Students and trainees increasingly take medication in stressful situations to increase their ability to concentrate or to reduce nervousness. They often underestimate the health consequences. Enhancement technologies, which include brain doping, may have side effects that negatively impact users' health. The use of performance-enhancing substances raises ethical and social questions. What motives justify their use? Is it personal reasons to improve oneself, is it group or societal pressure? Does the use of enhancement technologies possibly lead to greater social inequality or does it drive up the costs of health care to incalculable heights? What does this form of "human improvement" mean for human beings themselves: Are they now becoming "tinkering objects"?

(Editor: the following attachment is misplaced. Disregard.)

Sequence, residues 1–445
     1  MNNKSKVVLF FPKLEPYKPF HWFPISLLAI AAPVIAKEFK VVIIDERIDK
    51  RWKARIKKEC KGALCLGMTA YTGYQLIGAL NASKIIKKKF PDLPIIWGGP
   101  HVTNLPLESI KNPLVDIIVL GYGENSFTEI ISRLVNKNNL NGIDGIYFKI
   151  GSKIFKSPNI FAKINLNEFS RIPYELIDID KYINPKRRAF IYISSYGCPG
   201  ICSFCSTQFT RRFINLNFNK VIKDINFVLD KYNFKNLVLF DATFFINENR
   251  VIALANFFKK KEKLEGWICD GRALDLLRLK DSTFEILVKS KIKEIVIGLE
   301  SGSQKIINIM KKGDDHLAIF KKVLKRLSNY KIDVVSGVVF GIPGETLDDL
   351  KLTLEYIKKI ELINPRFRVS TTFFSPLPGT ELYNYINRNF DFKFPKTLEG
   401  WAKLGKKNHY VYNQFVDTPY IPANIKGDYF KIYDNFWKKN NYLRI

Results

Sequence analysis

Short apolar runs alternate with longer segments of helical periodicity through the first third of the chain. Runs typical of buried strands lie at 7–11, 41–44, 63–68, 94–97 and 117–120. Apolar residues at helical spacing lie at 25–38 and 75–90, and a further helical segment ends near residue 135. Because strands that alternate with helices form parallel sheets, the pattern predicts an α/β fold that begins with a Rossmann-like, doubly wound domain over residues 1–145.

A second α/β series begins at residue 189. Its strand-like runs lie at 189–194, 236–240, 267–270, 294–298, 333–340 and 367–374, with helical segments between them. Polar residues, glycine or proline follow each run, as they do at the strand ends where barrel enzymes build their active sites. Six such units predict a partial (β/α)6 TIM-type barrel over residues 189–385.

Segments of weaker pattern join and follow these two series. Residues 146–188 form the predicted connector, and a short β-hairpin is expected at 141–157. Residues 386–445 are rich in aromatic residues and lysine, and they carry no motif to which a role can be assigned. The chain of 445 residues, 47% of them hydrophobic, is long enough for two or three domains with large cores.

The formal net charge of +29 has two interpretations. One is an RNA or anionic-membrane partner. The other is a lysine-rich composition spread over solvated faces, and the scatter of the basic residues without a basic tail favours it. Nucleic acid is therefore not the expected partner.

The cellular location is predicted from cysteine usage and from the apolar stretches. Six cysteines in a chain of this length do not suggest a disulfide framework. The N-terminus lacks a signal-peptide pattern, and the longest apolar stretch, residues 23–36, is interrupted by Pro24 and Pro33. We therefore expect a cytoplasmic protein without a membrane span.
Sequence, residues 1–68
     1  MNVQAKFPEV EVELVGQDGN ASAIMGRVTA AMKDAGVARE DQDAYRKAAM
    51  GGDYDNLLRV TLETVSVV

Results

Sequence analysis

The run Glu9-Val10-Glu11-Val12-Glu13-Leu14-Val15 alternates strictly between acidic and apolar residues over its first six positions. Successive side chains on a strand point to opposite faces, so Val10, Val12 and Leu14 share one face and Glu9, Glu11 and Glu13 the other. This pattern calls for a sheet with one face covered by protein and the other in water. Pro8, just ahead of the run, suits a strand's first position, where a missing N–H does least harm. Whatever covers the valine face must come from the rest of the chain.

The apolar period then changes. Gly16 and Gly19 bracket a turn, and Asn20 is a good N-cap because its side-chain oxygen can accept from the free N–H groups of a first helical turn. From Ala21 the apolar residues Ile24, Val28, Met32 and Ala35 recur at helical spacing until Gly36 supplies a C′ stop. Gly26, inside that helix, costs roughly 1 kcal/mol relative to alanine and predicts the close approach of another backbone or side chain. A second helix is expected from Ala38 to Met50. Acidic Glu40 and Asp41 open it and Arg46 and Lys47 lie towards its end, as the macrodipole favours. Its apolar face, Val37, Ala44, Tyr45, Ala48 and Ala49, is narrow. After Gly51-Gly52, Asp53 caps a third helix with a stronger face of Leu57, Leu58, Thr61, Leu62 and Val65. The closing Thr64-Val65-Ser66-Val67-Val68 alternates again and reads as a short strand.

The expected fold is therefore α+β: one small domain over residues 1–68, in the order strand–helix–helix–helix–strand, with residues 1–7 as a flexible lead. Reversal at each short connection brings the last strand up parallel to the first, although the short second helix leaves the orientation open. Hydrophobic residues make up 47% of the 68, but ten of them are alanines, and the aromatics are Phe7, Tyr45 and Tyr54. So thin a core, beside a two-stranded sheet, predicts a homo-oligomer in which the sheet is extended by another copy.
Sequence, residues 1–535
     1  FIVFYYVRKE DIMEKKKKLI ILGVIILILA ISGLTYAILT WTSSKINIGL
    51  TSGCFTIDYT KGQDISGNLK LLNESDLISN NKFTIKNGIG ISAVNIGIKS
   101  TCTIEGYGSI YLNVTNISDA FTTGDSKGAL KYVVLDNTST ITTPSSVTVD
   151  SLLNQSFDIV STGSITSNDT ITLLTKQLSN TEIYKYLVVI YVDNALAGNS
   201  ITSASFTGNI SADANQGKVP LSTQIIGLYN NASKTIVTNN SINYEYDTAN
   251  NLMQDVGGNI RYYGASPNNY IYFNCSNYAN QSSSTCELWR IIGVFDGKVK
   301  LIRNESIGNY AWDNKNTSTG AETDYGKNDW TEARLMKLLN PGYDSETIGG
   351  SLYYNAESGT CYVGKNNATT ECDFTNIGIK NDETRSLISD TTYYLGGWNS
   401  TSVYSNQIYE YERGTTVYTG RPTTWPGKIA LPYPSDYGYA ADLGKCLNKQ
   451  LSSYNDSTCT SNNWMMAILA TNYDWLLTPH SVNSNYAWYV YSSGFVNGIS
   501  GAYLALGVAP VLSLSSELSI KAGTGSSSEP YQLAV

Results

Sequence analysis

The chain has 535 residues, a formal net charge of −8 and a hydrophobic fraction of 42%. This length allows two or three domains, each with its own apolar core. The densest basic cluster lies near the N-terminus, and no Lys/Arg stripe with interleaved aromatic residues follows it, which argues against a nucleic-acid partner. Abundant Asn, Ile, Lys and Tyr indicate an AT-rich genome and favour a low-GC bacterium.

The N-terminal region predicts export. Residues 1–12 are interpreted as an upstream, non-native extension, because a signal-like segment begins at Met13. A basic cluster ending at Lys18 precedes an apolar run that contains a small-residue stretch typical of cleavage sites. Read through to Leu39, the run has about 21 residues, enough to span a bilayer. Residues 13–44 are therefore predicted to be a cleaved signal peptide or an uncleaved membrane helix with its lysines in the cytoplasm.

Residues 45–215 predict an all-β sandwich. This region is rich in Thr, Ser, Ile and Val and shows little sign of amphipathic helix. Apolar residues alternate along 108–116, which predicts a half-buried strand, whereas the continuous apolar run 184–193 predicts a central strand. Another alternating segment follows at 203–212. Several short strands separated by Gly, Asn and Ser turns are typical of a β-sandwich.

The project "brain doping" (in English "cognitive enhancement") had the goal,

  • discuss the use of brain doping in a factual and neutral way and explain ethical, social and legal issues as indicated above,
  • to introduce young people to the discourse on ethical, legal and social issues of modern life sciences,
  • to contribute to the rationality of public communication and to the formation of opinion and will among young people,
  • To provide competences in dealing with uncertainties, complexity and ambiguity,
  • To develop procedural models, methods and instruments for school and out-of-school political education in order to provide orientation knowledge on the relevance and quality characteristics of discourses.
  • to use the example of the topic to initiate reflections on cognitive performance enhancement and neuro-enhancement in general.

The IZT is aware of its responsibility in dealing with young people on controversial issues and strictly observes the principles of data protection. Aspects of gender mainstreaming and accessibility were taken into account as a cross-sectional task in all project phases.